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The Occurrence and Exploration for Reefs in the Devonian Dundee Formation

G. A. Luebking
Savannah Exploration, Inc., Littleton, Colorado

The ontogeny of a petroleum basin is based upon multiple cycles of creative geologic thought culminating in the exploration of the geologic concept (i.e., the wildcat well). The exploration is then followed by intense periods of exploitation of the newly found resources. The Michigan Basin has exhibited at least seven Exploration/ Exploitation cycles and they are:
Shallow Petroleum (Lambton County, Ontario)
Ordovician Carbonates (Ohio and Indiana)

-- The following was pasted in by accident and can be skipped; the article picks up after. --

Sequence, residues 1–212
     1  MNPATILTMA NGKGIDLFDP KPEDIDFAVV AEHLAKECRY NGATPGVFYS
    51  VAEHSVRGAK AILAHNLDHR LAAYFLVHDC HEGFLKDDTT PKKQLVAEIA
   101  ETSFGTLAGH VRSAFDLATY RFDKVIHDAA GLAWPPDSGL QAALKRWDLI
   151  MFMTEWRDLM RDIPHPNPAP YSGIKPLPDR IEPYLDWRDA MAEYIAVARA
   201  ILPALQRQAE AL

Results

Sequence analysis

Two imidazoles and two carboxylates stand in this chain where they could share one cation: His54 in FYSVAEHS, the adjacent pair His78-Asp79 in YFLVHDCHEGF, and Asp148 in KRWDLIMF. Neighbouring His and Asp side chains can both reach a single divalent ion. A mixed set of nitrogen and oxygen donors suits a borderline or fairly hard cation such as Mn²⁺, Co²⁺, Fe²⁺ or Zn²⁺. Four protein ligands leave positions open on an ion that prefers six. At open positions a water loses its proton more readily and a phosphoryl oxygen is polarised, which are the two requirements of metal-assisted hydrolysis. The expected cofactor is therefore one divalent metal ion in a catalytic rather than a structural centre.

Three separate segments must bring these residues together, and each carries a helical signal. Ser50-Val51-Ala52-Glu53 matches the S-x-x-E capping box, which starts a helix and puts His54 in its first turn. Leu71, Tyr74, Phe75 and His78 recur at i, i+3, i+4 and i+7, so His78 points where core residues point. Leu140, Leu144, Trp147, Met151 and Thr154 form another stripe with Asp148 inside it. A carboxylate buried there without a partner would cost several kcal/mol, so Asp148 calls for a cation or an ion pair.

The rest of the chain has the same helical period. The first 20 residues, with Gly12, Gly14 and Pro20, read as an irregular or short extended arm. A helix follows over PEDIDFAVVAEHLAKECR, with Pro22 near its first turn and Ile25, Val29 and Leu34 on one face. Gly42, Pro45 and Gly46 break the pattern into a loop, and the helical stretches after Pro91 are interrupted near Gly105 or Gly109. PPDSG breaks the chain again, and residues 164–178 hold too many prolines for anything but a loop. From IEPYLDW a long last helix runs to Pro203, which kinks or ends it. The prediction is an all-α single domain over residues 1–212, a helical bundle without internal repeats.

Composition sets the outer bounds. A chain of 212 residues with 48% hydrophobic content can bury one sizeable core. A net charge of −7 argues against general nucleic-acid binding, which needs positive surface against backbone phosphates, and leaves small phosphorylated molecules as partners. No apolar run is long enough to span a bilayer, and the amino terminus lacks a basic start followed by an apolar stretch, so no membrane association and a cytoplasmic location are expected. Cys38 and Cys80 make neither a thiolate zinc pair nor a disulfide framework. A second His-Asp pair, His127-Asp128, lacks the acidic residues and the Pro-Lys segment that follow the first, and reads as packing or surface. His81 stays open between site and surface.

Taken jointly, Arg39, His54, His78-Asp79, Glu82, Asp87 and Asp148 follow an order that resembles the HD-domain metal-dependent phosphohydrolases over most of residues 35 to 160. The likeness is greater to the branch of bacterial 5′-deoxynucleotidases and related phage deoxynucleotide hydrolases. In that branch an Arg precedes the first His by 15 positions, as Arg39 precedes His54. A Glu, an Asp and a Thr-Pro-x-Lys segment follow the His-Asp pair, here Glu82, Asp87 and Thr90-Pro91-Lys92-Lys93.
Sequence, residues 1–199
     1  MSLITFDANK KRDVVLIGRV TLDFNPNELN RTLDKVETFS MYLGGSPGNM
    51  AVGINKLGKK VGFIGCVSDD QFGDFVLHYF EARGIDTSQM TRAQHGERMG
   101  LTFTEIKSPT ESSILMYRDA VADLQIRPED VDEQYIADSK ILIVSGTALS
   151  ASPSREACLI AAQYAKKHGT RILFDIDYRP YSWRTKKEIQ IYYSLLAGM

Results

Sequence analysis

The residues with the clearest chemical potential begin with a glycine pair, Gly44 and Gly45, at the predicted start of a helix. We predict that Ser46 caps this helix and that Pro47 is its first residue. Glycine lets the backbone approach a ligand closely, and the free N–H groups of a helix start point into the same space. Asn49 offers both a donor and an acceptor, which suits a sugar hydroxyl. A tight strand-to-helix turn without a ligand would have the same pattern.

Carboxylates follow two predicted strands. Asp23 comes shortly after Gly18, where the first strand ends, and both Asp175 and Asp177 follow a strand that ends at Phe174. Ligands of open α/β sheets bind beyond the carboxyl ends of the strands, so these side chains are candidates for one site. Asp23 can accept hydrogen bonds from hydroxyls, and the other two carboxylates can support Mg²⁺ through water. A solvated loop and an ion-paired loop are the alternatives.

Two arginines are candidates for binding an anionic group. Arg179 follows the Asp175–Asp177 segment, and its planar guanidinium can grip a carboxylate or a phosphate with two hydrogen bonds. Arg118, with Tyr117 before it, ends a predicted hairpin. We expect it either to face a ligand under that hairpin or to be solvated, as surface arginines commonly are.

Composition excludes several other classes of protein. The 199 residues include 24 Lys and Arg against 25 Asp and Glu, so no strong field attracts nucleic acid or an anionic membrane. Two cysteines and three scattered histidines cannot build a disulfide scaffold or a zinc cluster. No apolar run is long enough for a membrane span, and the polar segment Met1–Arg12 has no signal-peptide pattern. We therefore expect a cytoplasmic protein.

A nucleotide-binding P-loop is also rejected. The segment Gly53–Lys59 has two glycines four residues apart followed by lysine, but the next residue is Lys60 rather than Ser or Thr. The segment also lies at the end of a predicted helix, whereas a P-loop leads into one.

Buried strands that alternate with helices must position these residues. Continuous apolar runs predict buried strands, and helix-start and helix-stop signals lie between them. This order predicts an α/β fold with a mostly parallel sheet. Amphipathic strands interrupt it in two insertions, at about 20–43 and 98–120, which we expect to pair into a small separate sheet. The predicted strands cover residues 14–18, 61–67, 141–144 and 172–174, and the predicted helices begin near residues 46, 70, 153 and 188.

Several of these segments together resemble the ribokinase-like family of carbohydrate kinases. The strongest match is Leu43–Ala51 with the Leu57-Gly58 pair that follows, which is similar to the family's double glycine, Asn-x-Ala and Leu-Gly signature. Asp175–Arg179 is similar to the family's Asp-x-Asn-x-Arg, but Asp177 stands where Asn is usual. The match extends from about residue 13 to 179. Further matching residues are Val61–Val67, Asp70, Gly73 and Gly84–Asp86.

Central Basin Mississippian and Devonian Structural Play (Michigan)
Ordovician Carbonates (Michigan)
Silurian Niagaran Reefs (Michigan and Ontario)
Ordovician Clastics (Michigan)
Devonian Antrim Shale (Northern Michigan)

The Michigan Basin is poised for its eighth cycle of exploration activity and a petroleum renaissance. This eighth cycle is the exploration of the Central Basin Province, not for structures as has been done in the past, but for shallow Mississippian and Devonian stratigraphic targets. This paper will focus on reef development within the Reed City Member of the Devonian Dundee Formation.

The reef facies has produced from at least two fields in the Michigan Basin. It appears that reef development of up to 53 vertical feet can be documented and it is hypothesized that reefal growth could very well exceed 100 feet in thickness.

As explorationists, we must always remember that creative geologic thought and concepts will find significant hydrocarbon resources in mature petroleum provinces.

AAPG Search and Discovery Article #90900©2001 AAPG Eastern Section Meeting, Kalamazoo, Michigan